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Ron Dellums teased his adoring crowd. In October 2005, he stood before a packed house of supporters and said he wasn't sure if he wanted to be mayor. Thousands of citizens had begged the East Bay icon to lead their troubled city, but he told the throng he didn't know if he was ready to give up private life and return to public service. "I'm just a guy," he told his delirious followers. "I'm not Superman." But the rapt audience wasn't listening. They brushed off his obvious reticence to abandon the comfortable life of his lucrative Washington lobbying practice. Instead, they sat on the edge of their seats, hoping he would accept their plea to run. The white-haired politician finally did, but not before making it clear that he wouldn't be giving it his all. "If Ron Dellums running for mayor gives you hope, then let's get on with it," he said. The audience erupted.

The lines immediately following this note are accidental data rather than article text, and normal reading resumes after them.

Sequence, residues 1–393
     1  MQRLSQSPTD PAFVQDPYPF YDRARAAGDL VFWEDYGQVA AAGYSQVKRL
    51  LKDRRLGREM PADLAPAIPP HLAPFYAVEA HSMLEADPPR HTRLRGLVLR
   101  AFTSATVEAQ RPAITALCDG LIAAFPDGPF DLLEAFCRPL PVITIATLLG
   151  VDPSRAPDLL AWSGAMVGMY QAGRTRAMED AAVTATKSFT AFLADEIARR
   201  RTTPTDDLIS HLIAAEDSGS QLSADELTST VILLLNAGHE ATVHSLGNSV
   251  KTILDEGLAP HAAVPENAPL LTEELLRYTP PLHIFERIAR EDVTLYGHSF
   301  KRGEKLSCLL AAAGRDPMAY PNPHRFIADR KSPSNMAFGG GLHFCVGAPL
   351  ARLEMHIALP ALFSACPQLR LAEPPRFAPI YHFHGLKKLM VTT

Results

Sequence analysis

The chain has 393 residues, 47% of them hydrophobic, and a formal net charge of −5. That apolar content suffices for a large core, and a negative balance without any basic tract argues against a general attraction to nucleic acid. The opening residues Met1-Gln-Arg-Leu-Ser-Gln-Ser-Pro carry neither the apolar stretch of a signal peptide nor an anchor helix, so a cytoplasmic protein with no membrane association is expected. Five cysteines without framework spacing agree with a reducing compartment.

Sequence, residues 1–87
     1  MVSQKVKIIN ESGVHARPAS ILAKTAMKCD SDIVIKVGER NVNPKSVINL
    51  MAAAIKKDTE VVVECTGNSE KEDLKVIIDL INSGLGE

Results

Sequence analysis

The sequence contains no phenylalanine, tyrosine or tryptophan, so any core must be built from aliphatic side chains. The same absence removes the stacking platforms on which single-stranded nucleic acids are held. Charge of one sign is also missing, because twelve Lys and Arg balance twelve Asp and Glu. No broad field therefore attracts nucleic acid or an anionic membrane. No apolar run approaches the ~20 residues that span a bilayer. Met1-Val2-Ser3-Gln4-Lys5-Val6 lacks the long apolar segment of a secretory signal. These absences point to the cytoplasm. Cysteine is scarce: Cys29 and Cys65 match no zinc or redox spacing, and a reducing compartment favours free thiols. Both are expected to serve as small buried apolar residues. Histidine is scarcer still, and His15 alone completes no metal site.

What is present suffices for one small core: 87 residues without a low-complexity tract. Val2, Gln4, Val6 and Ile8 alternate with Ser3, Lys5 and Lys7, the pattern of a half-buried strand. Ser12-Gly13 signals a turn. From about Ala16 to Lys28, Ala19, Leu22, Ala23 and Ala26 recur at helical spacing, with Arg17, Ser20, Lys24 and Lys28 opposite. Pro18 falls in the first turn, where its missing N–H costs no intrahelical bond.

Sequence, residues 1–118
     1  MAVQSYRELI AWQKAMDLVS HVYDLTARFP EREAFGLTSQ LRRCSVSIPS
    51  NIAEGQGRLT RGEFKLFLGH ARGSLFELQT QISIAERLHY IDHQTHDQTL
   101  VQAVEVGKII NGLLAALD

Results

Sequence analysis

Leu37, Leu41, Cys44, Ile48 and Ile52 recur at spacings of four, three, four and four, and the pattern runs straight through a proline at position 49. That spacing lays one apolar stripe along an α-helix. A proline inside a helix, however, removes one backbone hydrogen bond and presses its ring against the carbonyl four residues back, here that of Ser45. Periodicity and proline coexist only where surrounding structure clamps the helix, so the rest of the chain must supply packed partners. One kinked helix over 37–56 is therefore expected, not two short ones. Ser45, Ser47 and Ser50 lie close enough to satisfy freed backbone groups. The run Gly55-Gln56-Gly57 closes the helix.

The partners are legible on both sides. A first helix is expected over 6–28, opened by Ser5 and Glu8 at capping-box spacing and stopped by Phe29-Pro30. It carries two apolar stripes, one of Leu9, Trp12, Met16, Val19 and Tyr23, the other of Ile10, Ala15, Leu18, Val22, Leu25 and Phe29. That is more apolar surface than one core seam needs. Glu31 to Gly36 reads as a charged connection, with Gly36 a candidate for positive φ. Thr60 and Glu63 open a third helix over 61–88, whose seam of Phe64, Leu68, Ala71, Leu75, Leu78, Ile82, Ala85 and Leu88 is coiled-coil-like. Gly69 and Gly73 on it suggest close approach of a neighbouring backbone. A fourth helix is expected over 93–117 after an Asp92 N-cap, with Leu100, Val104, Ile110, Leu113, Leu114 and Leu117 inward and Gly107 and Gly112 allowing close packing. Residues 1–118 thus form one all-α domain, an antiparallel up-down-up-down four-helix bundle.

But at least one person wasn't whooping it up — the person closest to the former congressman. Cynthia Dellums had listened intently to her husband's speech, and then wept openly when he agreed to run for mayor. It could have been tears of joy, but to at least one observer, she didn't look at all happy. She may have been alone in realizing just how candidly her husband was telling the truth. His heart really wasn't sold on the idea of being Oakland's mayor.